But the visit of Lady Macmaster had certainly revived her bitterness as it had suggested to her new schemes of making herself a nuisance to the household below her. Lady Macmaster, in widow’s weeds of the most portentous crape, that gave to her at once the elegance and the direness of a funeral horse, had really seemed more than a little out of her mind. She had asked Sylvia’s opinion of all sorts of expedients for making Christopher loosen his grip, and she had continued her supplications even in correspondence. At last she had hit on a singular expedient. . . . Some years before, apparently, Edith Ethel had had an affair of the heart with a distinguished Scottish Littérateur, now deceased. Edith Ethel, as was well known, had acted the Egeria to quite a number of Scottish men of letters. That was natural; the Macmasters’ establishment was Scottish, Mac-master had been a Critic and had had Government funds for the relief of indigent men of letters, and Edith Ethel was passionately cultured. You could see that even in the forms her crape took and in how she arranged it around her when she sat or agitatedly rose to wring her hands.
But the letters of this particular Scot had out-passed the language of ordinary Egerianishness. They spoke of Lady Macmaster’s eyes, arms, shoulders, feminine aura. . . . These letters Lady Macmaster proposed to entrust to Christopher for sale to Transatlantic collectors. She said they ought to fetch £30,000 at least, and with the ten per cent. commission that Christopher might take, he might consider himself as amply repaid for the four thousand odd that Macmaster’s estate owed him.
And this had appeared to Sylvia to be so eccentric an expedient that she had felt the utmost pleasure in suggesting that Edith Ethel should drive up to Tietjens’s with her letters and have an interview — if possible with Valentine Wannop in the absence of Tietjens. This, she calculated, would worry her rival quite a little, and even if it did not do that, she, Sylvia, would trust herself to obtain subsequently from Edith Ethel a great many grotesque details as to the Wannop’s exhausted appearance, shabby clothing, worn hands.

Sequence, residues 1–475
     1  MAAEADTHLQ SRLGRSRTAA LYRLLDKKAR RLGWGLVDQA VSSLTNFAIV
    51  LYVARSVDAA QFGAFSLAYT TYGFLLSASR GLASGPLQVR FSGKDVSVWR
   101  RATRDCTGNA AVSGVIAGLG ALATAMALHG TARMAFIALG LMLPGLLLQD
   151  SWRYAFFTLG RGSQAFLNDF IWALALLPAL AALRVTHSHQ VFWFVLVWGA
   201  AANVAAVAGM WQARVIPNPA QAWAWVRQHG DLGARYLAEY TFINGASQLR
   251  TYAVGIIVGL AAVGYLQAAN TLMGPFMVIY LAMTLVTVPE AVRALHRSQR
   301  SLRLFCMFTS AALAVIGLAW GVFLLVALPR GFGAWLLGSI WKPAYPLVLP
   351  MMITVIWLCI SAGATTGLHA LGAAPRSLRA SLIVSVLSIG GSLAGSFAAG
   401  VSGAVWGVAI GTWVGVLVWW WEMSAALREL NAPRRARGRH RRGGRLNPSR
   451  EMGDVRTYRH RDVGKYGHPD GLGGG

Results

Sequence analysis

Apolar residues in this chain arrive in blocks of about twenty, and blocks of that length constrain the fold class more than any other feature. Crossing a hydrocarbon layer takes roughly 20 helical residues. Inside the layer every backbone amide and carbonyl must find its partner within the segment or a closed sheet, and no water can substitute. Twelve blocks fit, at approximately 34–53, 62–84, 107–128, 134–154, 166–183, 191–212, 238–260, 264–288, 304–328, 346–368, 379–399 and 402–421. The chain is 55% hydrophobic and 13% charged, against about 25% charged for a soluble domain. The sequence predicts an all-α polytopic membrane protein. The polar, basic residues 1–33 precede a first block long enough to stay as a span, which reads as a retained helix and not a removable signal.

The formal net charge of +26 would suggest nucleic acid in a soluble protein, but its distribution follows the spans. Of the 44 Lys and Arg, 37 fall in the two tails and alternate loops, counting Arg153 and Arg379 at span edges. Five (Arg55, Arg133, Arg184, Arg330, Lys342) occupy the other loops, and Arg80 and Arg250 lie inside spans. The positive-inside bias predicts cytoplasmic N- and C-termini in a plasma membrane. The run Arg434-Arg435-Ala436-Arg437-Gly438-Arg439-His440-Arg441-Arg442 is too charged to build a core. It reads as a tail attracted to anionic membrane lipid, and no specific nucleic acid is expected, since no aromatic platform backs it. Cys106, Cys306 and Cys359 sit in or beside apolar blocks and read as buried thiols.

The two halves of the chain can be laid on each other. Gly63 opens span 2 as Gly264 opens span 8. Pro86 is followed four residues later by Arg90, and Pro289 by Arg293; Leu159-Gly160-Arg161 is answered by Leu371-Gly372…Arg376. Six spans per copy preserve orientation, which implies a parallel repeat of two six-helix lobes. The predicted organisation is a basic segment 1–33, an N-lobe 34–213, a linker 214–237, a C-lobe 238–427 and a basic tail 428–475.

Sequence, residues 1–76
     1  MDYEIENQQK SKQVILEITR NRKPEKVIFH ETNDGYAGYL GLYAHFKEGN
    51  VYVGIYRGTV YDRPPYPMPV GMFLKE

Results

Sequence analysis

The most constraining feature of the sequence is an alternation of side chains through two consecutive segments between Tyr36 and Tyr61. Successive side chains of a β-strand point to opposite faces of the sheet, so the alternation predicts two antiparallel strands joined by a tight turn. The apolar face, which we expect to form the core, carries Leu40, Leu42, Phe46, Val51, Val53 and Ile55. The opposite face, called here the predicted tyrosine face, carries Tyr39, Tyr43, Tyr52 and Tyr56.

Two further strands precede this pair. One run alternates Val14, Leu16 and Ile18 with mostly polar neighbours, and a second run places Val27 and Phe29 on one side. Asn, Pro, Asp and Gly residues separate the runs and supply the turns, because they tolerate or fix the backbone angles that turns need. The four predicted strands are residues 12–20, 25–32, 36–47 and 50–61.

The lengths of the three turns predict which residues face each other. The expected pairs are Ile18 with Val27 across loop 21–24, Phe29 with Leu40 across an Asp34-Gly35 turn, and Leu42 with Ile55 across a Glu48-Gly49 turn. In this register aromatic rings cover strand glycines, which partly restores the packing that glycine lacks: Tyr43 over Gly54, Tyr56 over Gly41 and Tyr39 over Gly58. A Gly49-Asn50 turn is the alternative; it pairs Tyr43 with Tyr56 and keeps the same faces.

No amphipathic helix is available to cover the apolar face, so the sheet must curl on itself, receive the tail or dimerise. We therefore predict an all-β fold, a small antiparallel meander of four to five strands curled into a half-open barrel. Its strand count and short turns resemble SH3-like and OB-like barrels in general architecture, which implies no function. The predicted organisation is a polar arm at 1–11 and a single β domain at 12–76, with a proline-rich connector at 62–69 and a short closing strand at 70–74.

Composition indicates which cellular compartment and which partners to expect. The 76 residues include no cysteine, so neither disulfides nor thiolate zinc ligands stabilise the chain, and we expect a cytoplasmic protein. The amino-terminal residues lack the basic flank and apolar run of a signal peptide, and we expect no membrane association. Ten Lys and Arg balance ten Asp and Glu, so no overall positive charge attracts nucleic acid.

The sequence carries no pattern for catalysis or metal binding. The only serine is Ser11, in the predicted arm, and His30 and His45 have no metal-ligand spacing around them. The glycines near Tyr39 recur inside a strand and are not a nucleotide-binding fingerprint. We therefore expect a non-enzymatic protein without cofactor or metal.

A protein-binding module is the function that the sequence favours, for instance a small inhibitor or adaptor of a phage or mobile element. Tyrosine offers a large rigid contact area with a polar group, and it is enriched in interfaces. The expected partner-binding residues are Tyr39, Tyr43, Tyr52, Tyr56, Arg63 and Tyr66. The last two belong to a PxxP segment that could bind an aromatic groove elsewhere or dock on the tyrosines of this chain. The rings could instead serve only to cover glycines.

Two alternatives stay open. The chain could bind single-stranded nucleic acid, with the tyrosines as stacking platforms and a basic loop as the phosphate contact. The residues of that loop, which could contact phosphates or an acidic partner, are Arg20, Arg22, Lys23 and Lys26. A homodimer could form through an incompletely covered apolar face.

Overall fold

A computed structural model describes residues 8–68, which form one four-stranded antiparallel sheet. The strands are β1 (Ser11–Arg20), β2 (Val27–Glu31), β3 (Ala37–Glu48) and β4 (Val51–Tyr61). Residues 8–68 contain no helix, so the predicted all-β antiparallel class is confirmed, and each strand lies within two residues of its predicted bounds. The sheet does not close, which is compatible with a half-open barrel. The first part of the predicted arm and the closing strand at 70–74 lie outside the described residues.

For it is to be remembered that one of the chief torments of the woman who has been abandoned by a man is the sheer thirst of curiosity for material details as to how that man subsequently lives. Sylvia Tietjens, for a great number of years, had tormented her husband. She would have said herself that she had been a thorn in his flesh. That was largely because he had seemed to her never to be inclined to take his own part. If you live with a person who suffers from being put upon a good deal, and if that person will not assert his own rights, you are apt to believe that your standards as gentleman and Christian are below his, and the experience is lastingly disagreeable. But, in any case, Sylvia Tietjens had had reason to believe that for many years, for better or for worse — and mostly for worse — she had been the dominating influence over Christopher Tietjens. Now, except for extraneous annoyances, she was aware that she could no longer influence him either for evil or for good. He was a solid, four-square lump of meal sacks too heavy for her hauling about.